Members of a Tijuana motorcycle club have spent the last few years stealing 150 Jeep Wranglers in and around the San Diego, California, area. But it’s only just this week that federal and state authorities have shed light on the particularly high-tech methods the bikers used to thieve all those cars.
The thefts date back to 2014, and each one involved a multiple-step process. First, the bikers would scout for the Vehicle Identification Number (VIN) of Jeeps they wanted to steal. Then, they turned to a database maintained by the manufacturer.
It’s unclear how they gained access to the database, according to the San Diego Union Tribune, which mentions that a dealership in Cabo San Lucas “appears to be involved.” However they got it, though, it’s that access that made the thefts possible. Armed with a car’s VIN number, the thieves were able match both the pattern of the physical key as well as a code used to access (and program) the chip inside the key that talks to the car’s computer.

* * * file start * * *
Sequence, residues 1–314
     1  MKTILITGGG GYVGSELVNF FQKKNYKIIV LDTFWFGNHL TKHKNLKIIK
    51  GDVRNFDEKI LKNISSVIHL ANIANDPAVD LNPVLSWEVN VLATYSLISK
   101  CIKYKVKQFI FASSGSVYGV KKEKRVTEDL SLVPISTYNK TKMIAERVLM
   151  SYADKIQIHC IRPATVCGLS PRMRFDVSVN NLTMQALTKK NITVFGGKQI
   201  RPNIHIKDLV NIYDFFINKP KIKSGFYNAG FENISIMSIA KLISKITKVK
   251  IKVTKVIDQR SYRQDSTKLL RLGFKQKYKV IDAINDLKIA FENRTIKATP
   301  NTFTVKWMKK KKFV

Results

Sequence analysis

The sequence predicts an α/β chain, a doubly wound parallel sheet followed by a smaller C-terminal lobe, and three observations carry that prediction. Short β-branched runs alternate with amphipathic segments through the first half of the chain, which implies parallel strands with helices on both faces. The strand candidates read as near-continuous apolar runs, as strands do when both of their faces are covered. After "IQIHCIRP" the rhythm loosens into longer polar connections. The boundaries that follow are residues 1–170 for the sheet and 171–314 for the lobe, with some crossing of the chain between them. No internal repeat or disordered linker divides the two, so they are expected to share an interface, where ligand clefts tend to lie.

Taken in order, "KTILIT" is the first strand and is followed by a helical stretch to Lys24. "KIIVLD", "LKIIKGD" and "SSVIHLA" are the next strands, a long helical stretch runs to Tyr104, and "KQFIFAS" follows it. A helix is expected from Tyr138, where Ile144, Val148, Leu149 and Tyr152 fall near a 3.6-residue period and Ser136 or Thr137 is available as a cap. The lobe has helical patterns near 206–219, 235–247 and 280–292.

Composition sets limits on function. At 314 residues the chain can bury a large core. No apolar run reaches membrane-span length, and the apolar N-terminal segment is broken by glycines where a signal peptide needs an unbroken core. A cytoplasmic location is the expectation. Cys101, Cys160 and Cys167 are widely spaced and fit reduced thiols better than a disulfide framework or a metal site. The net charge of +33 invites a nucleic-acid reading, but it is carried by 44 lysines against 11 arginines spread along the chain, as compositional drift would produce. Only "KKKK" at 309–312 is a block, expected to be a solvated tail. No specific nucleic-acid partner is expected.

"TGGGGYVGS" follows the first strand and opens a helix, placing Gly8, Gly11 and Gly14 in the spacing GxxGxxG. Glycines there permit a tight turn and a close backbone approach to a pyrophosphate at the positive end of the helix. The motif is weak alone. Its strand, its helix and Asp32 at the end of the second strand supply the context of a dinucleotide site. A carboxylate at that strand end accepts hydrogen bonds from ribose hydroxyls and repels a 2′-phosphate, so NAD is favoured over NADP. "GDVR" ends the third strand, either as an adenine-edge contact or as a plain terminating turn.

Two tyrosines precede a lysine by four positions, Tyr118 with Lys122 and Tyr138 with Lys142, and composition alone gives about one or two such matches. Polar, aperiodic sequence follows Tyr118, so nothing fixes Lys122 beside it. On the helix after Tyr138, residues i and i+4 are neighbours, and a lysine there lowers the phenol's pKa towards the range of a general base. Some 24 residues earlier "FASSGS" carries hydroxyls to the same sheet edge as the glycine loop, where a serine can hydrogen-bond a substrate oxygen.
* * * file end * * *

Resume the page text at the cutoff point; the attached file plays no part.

At this point, the thieves would return to each Jeep with a duplicate key in hand. Once the key was in the ignition, they were able to program the key’s chip using the code from the database in order to turn the Jeeps on.
The Jeeps were then brought back — whole, or in stripped parts — to Mexico to be sold. All told, $4.5 million worth of Jeep Wranglers were stolen by the group. Three of the nine members of the biker club who were indicted have been arrested, while the rest are still on the run in Mexico. Seven of the nine are US citizens.
The chips that automakers use in car keys have been the subject of a number of attacks in recent years. In 2015, researchers from Radboud University in the Netherlands and the University of Birmingham in the UK found that the “keyless entry” key fobs for certain cars made by Volkswagen, Fiat, Honda, Volvo, Porsche, and even Bentley were vulnerable to being hacked.